When I was in my early teens, I somehow discovered romance novels. I don’t recall now how I made this discovery, I just know that for a while, I read Harlequins and Barbara Cartland stories like other people take deep breaths. Falling in love, according to those books, was a matter of being in the right place at the right time, and even if things looked dark now, all would be happy in the end. After a year or two of saccharine smoochies, I moved on to the big chihuahua-killers by Kathleen Woodiwiss and Rosemary Rogers, which taught me that love was combat, and that it would be the man I despised on sight who’d eventually win my heart. Not long after that, I found my way to the modern gothic novels of writers like Phyllis Whitney and Victoria Holt. It wouldn’t be the man I’d fight with, but the dangerous and deadly circumstances that surrounded him, through little fault of his own, circumstances from which I, the strong woman with all the odds against her, would have to save him. Eventually I learned how real romance is supposed to work. I didn’t despise my husband on sight, nor did I have to wait for luck to get around to paying attention to us. He never tried to force me into loving him, and there were certainly no crazy ex-wives living in towers waiting to burn me alive in my bed on my wedding night. So all those books I read back in the day hadn’t quite hit the mark. And that was okay – they were written to entertain, not to train me. I was highly entertained, and even though romance as a genre isn’t my first choice anymore, I’m not ashamed of having spent all those years lost in literary love affairs. In fact, I love a good romance in my fantasy.
Anyone reading this who’s been working at his or her craft for more than a couple of days already knows that novels must have conflict. If something isn’t going wrong, all you have is pages of people doing day to day tasks. It might be that your hero has to locate a lost magical item to stop an evil mage from destroying the world, or maybe the kingdom will be lost if the prince doesn’t bring home the herb that will wake the king from his sorcerous slumber. There’s a problem that needs solving, and that’s what makes us want to read. Love is just stuffed with conflict. You’ve got two people who are afraid to admit their feelings, or have admitted them but can’t let the world know because their families hate each other. A prince loves a milkmaid, a duchess wants to run off with the stableboy away from her abusive noble husband, a merchant has kidnapped a queen for love. Romance adds a certain spice to fantasy novels, a flavor of reality that brings your characters closer to your reader. I may not want to read romance, but I definitely want romance in my fantasy. Want to see a few of my favorites?
Magda & Glaeken (The Keep, Nightworld)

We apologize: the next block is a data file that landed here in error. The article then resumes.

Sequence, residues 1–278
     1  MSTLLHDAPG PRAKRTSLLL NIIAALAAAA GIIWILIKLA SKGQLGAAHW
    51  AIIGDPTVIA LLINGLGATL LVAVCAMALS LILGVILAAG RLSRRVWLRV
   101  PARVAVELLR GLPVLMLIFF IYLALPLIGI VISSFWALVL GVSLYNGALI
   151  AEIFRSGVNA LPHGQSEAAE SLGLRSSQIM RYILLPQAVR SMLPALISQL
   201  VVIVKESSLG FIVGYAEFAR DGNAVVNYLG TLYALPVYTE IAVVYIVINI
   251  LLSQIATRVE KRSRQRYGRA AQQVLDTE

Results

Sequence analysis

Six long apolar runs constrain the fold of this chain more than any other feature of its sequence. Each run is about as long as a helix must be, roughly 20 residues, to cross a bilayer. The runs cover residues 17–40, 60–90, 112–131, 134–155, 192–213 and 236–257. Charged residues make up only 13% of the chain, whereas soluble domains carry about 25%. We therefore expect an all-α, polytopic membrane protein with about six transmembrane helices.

Glaeken is an immortal warrior, tasked with making sure that his undying enemy remains trapped forever. He’s long ago given up hope of love and happiness, and then he meets Madga, daughter of a Jewish professor who’s being held by the Nazis and forced to work for them. Despite the madness of their situation, Magda recognizes Glaeken’s noble nature and puts herself in peril to help him. The real depth of their love doesn’t show until they return in Nightworld, which takes place in present-day. Magda has grown old, and developed Alzheimer’s, but Glaeken stays by her side, caring for her even though she is no longer the same woman he loved. It’s heartbreaking and beautiful.
Falco & Helena (The Falco mystery series by Lindsey Davis)
Marcus Didius Falco is an informer working for the Emperor Vespasian. He meets Helena Justina, daughter of a Roman senator and a divorcee. Helena was, at first, sharp-tongued and hateful to him, but eventually they grew to understand each other and fell in love. And that was where the fun began. Since Falco is of low birth and Helena is noble, it takes a great deal for the two of them to be together. Yet they manage to make their families accept their relationship and now Falco couldn’t manage even a day without her.
Ki & Vandien (Harpy’s Flight, by Megan Lindholm)
Ki is a gypsy trader, driven by her desire for revenge on the harpy that murdered her family. Vandien is a thief who tries to steal a horse from her. The two of them have pasts to run from, which initially keeps them from killing each other. It is only later that they come to know how important each is for the other.
Evaine & Rhys (Camber of Culdi, by Katherine Kurtz)
Rhys Thuryn is a Deryni healer, married to Lady Evaine MacRorie. In a world of marriages made for political expedience, their pairing is a love match from the beginning. And when tragedy at last threatens their future, the horror and heartbreak was intense enough that I felt it in my bones. I remember calling my best friend (who was reading the books at the same time) and weeping like a child over the phone.
Tarod & Cyllan (The Time Master trilogy by Louise Cooper)
Tarod, a powerful adept, spends years isolated and alone after being betrayed by his family and friends. Cyllan is a plain drover girl, who winds up trapped in his castle when she’s caught in a warp storm. It is Cyllan’s stubbornness and strength that at last break down Tarod’s defenses, allowing him to feel love again. When Tarod’s former friends show up, determined to put an end to him, Cyllan makes the ultimate sacrifice for her love.
So do you like a little romance in your fantasy? What pairings have satisfied you most over the years?